Month 24 (June 2013)

In this final month of the Butler Project I completed the cataloguing of the 600 or so books in the Butler Collection. Finishing with section V (books formerly the property of Samuel Butler) was a lovely way to round off the past two years of cataloguing work; delving into someone’s private library really gives you a sense of their living personality. Butler read unusually widely, but when it came to acquiring books he was particularly discriminating. ‘I believe I have the smallest library of any literary man in London, and I have no wish to increase it’, he wrote in an essay (‘Ramblings in Cheapside’) published in 1890. ‘I keep my books at the British Museum and at Mudie’s, and it makes me very angry if anyone gives me one for my private library… Webster's Dictionary, Whitaker's Almanack, and Bradshaw's Railway Guide should be sufficient for any ordinary library; it will be time enough to go beyond these when the mass of useful and entertaining matter which they provide has been mastered.’

Books in the Butler Collection
Books in the Butler Collection

Characteristic wit aside, Butler’s personal collection amounts to about 70 volumes, encompassing science, theology, history, biography, poetry and classical literature, and a number of the books are extensively annotated, providing valuable insights into his reading habits. You can read a short illustrated article about some of the volumes in the collection here (as part of the Library’s Special Collections Spotlight).

Butler's annotated copy of The Odyssey
An annotated copy of 'The Odyssey' (BV H6, Vol.1)

Enabling people to browse and search the complete Butler Collection online was one of the major aims of the Butler Project. The books are now catalogued on iDiscover, along with the Library’s other bibliographic holdings, and the rest of the collection, being archival in nature, is catalogued on Janus. We hope the catalogue will remain a useful tool for researchers worldwide in the decades to come – which might just see a significant revival in Butler studies.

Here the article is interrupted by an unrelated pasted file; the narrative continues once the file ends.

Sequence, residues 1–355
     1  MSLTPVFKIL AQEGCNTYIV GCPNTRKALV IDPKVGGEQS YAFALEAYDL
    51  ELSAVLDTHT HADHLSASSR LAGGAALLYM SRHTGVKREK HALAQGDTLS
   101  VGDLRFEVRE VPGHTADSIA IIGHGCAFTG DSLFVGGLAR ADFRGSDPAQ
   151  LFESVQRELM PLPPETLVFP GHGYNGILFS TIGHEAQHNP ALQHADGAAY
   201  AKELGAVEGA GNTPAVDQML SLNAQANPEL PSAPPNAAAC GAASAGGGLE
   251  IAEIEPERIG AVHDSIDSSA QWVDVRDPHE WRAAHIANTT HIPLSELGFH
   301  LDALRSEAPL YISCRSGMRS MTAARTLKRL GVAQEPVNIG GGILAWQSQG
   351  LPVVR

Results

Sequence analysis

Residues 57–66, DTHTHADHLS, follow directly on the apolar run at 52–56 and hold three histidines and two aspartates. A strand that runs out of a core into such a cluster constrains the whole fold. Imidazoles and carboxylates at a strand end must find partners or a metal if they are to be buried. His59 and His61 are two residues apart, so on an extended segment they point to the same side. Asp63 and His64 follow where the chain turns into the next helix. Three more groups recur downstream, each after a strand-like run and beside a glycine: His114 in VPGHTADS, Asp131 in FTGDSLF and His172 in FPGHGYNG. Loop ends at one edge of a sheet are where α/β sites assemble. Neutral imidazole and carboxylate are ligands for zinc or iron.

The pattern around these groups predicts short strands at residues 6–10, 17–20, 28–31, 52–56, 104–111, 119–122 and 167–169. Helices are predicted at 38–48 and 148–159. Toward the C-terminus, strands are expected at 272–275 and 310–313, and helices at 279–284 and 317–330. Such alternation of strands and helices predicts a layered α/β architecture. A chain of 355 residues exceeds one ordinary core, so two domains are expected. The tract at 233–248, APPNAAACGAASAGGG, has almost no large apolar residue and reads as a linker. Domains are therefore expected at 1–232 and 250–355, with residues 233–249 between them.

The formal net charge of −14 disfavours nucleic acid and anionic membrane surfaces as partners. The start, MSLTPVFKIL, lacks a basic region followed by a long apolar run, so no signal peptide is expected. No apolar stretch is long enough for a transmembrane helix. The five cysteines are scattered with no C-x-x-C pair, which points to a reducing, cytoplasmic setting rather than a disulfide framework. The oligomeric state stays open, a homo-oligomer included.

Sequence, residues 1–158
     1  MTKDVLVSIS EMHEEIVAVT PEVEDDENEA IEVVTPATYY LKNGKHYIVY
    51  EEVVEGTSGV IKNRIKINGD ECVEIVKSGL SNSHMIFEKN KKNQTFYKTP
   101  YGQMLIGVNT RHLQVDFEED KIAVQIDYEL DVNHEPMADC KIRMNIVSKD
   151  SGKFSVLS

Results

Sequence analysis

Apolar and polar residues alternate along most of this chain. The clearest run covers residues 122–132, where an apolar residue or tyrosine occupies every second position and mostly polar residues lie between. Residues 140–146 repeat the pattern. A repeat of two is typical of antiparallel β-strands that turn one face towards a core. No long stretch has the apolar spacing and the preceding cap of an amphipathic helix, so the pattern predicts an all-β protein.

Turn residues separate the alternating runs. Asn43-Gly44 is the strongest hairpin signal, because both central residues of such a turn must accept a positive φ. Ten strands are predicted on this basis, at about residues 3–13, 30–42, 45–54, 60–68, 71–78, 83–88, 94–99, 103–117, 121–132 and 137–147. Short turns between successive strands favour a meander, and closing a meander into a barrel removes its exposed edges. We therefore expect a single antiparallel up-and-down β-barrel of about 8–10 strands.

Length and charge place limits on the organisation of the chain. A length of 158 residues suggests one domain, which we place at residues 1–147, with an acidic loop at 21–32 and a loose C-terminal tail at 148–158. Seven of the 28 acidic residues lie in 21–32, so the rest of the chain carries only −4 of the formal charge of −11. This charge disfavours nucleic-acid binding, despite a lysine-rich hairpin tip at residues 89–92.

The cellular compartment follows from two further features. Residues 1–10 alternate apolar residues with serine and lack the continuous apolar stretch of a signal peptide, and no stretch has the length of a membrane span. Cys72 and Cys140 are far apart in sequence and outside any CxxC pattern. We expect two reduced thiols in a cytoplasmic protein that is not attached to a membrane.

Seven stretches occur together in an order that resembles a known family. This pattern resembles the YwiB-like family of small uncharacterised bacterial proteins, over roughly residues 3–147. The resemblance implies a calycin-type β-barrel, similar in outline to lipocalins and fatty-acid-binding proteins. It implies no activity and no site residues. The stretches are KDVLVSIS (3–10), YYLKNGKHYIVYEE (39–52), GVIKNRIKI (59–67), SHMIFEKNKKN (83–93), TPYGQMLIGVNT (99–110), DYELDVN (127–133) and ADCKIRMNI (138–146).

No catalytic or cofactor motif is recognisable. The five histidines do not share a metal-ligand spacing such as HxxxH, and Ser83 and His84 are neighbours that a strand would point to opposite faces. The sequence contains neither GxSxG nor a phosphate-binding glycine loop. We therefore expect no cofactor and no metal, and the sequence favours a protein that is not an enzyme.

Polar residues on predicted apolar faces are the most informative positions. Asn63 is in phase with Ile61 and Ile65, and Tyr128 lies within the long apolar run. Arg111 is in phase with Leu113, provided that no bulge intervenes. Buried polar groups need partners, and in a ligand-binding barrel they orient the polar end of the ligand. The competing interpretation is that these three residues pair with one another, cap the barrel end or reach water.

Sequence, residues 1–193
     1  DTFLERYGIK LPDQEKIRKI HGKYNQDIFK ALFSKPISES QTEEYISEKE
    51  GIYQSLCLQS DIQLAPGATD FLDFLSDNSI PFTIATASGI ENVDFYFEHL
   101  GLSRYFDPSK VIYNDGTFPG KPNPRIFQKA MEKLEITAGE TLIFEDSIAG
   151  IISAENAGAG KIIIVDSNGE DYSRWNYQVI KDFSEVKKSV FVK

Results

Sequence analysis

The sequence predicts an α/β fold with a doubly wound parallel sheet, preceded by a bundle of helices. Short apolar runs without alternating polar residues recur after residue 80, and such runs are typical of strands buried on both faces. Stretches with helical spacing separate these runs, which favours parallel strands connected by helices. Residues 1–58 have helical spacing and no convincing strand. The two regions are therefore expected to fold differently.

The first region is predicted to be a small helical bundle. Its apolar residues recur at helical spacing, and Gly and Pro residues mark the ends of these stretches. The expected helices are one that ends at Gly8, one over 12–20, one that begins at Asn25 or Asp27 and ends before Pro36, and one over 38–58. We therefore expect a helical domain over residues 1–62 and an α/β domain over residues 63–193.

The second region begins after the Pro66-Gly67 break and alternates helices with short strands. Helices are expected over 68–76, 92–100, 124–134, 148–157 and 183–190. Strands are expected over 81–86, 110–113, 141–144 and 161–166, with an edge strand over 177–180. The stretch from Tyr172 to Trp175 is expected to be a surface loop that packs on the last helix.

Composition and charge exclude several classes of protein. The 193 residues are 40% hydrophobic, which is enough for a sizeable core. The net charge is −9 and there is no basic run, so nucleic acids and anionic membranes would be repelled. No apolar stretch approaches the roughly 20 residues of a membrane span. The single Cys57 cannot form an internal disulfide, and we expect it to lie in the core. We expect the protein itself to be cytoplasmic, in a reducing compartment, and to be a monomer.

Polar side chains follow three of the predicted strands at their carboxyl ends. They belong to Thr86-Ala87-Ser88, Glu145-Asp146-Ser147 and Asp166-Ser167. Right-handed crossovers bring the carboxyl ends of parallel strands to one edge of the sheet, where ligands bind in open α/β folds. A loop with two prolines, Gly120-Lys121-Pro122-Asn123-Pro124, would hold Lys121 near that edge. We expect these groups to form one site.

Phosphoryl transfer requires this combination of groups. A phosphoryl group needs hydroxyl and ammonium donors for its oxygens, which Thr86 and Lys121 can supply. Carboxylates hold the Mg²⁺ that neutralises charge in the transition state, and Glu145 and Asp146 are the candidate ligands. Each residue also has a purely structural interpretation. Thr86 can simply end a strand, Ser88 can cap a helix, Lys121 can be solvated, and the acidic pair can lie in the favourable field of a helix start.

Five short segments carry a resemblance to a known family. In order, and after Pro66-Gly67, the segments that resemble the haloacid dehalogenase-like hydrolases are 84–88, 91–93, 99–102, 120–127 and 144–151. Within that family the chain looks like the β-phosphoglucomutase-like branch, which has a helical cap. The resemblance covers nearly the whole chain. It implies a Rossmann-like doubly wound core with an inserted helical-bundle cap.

Image from one of Butler's glass negatives
'Girl at pump, Montreuil', 1893 (glass negative D125.3)

Another worthwhile achievement of the project has been to oversee the digitization of the vast collection of Butler’s original photographic negatives. This very time-consuming, expensive and specialized work was begun some years ago, and it’s great to have it finally completed. As well as retaining the original glass plate negatives in as near to a stable physical condition as is possible for material of this kind, the Library now possesses high-resolution scans of each negative, ensuring the preservation of the original images even while the physical artefacts (inevitably) deteriorate. The digital scans can also be printed for use in future exhibitions and publications, enabling an ever-wider audience to enjoy Butler’s quite phenomenal photographic legacy. (Don’t forget you can view more than 250 of his photographs on the website via the Butler on the Map gallery.)

Photograph of Samuel Butler on a bench reading
'S.B. on seat in the Falstaff Garden, Gads Hill', 1893 (glass negative D1.10)

Although the Samuel Butler Project has come to an end, the associated online resources (which include exhibitions, talk recordings, articles and education activities) will continue to be available via the website. All that remains here is to thank the Heritage Lottery Fund and St John’s College for funding the project, which has given almost 3000 people the opportunity to learn about one of the most intriguing, inspiring and underappreciated talents of the nineteenth century. I have thoroughly enjoyed working with this unique collection over the past two years, and have learnt a huge amount in the process. It’s been a pleasure to share some of my experiences with you – so thank you for reading!

With best wishes,

Rebecca, Butler Project Associate 2011-13

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